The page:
Not counting the end-of-year AP U.S. History readings, I’ve been to more off-campus professional development workshops and conferences in the last five weeks than I was able to attend in my last three years at Robinson.
And how many workshops have I attended in the past few weeks? Two.
Robinson – and Cabarrus County Schools at large, I imagine – was infested by what my friend and former colleague Laura Huffman once called a “culture of no.” Requests for workshop registration fees, maps and books to supplement instruction, and substitutes that would allow for workshop attendance or collaborative planning were almost always rejected. And while I was allowed to attend the AP Reading, I would be made to take personal or unpaid leave for the days I missed. But hey, that annual “Teacher Appreciation Day” luncheon of catered Carrabba’s sure was good!
So when RTHS English teacher and fellow Rebel Rebel Alliance member Deb Brown came to me in the fall with a plan to apply for a week-long residency at the North Carolina Center for the Advancement of Teaching for us to work on humanities-related flipped videos, I was skeptical. Surely they wouldn’t let both of us leave for an entire week, right?
Not only did he approve our trip to Cullowhee for the week once we were accepted, but we didn’t have to pay for our substitutes either. Since there’s very little supplemental video material already in existence for the humanities, Deb and I spent the entire week working on flipped videos for our classes as well as sketching out 10th grade curricula for English and social studies.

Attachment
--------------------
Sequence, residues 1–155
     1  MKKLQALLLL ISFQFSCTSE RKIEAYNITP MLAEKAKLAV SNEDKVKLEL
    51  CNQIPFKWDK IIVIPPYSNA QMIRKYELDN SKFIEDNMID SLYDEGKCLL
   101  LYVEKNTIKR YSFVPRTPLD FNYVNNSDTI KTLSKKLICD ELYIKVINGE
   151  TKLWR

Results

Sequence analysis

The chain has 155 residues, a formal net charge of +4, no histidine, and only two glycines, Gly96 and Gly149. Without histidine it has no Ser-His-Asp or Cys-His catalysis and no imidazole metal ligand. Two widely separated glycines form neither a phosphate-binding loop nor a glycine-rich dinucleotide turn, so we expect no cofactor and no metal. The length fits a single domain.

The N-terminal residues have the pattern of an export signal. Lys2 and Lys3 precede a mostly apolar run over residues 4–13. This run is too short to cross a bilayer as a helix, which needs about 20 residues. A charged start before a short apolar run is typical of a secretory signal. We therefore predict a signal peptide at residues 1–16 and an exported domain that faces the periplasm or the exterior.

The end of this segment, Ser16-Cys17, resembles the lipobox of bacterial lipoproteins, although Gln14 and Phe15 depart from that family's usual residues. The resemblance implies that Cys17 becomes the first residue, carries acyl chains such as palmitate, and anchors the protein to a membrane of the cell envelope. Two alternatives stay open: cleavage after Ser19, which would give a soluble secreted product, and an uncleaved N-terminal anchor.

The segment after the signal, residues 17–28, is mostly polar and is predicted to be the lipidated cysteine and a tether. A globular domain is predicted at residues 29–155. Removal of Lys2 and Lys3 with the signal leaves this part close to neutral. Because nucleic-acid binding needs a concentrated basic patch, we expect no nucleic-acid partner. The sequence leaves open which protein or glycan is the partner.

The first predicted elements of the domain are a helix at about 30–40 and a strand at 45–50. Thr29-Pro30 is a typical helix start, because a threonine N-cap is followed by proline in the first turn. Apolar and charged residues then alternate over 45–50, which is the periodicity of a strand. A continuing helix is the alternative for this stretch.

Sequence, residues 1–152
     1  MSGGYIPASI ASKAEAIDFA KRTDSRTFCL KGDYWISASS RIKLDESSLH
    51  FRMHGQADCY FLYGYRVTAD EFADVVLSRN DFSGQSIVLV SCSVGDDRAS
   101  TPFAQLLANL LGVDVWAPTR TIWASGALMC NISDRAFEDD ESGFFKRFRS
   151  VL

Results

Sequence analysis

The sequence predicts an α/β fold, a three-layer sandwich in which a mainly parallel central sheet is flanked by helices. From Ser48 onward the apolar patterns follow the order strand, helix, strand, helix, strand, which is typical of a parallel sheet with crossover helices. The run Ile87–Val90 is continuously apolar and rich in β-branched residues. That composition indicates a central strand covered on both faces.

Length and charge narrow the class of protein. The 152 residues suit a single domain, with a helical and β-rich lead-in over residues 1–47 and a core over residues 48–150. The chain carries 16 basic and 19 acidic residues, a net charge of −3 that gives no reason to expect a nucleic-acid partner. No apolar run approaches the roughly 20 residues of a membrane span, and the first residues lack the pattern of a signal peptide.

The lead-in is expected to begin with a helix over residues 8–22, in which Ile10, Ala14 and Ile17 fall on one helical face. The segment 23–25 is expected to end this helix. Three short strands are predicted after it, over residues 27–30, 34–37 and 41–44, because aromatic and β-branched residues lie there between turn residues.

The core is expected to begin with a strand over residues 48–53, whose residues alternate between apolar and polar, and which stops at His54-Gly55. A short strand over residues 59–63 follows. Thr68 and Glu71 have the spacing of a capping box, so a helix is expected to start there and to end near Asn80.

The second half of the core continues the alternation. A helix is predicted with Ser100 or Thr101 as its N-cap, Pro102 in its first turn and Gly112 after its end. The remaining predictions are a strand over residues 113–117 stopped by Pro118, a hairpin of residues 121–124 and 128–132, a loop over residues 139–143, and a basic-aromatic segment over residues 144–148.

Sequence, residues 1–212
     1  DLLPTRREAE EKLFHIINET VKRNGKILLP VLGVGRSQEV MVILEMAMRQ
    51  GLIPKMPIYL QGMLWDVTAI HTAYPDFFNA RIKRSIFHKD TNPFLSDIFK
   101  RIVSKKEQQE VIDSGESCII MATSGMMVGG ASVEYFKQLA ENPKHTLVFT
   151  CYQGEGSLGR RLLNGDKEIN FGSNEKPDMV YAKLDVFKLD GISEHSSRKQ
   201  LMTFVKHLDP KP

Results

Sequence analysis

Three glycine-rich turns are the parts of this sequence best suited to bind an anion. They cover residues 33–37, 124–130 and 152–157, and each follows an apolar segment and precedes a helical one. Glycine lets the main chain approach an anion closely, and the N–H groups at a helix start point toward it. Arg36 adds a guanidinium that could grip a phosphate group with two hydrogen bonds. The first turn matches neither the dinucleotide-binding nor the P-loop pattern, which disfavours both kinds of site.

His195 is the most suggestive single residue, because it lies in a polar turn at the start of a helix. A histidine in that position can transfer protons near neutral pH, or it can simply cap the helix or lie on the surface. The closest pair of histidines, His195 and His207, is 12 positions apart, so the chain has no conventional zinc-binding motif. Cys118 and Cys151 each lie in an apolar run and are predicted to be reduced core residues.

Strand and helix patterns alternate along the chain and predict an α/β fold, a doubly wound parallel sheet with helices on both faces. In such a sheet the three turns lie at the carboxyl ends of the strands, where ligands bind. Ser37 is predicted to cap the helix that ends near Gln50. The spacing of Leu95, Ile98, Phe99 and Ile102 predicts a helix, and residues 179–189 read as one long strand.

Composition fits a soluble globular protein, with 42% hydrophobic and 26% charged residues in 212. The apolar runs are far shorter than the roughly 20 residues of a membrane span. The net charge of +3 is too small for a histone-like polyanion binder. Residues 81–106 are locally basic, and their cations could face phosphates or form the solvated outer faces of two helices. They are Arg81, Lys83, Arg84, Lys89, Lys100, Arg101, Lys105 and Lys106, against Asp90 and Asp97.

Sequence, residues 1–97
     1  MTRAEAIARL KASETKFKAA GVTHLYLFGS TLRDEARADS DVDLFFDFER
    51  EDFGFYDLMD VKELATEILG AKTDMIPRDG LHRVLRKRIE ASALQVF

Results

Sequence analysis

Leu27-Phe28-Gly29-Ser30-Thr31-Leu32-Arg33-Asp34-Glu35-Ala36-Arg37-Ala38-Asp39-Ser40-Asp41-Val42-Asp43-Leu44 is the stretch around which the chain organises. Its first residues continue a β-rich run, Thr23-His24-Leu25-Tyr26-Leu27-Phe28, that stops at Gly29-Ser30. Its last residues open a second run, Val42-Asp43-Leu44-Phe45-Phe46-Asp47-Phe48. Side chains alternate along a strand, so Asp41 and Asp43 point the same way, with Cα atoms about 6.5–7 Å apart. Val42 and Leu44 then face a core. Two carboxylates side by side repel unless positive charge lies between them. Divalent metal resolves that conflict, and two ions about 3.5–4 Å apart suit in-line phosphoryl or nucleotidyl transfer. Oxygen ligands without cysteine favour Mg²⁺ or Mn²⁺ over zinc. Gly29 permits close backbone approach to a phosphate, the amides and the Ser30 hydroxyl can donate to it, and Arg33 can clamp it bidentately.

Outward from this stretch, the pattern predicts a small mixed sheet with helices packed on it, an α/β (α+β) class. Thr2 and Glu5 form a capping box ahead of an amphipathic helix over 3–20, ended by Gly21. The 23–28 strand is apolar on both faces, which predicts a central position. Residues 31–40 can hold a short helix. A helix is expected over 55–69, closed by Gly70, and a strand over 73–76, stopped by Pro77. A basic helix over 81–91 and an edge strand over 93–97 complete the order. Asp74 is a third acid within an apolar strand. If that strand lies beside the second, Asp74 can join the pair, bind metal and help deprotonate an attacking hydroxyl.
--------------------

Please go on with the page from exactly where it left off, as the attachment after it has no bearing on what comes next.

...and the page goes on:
And then, this past week, I was able to get away for two days with Mamie Hall, the other half of the history department, for the annual North Carolina Council for the Social Studies conference in Greensboro. We spent a couple of days going to seminars mostly about implementing technology in the classroom, although I did spend some time in one very unproductive session on the new Measures of Student Learning exams, which just devolved into teachers bitching almost immediately.
Sometimes, teachers just need to get out of the classroom for a few days – not only to recharge and rest up, but also to chew the fat with colleagues and learn new and/or better ways of teaching. I’m glad I teach at a place that recognizes the importance of that.
And they’re letting me go to the AP Reading in June too.